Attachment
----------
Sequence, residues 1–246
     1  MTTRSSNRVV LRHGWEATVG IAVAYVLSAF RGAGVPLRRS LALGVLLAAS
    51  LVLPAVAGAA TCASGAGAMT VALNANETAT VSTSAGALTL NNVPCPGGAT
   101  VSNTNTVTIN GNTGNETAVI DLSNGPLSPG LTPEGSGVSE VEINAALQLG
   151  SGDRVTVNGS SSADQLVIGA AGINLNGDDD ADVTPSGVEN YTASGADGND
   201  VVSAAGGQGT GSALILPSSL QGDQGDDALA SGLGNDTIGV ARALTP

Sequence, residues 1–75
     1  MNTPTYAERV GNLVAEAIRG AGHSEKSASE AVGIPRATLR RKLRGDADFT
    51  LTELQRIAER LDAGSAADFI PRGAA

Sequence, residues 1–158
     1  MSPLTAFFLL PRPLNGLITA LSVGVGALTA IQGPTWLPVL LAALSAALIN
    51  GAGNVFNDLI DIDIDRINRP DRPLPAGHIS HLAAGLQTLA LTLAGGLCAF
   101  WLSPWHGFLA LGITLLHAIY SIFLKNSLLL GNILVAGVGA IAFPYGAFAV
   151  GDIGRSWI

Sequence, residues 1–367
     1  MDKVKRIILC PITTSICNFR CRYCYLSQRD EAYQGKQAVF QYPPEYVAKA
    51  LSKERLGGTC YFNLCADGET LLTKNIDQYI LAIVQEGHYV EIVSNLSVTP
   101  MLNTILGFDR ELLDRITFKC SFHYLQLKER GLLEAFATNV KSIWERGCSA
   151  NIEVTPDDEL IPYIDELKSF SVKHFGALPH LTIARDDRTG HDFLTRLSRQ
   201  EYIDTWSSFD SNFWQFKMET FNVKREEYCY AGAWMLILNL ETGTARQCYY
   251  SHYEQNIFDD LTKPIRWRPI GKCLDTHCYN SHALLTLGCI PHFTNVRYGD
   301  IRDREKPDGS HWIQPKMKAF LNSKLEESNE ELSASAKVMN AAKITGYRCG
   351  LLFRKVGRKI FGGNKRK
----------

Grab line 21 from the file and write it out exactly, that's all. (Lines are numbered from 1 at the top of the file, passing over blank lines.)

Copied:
   251  SHYEQNIFDD LTKPIRWRPI GKCLDTHCYN SHALLTLGCI PHFTNVRYGD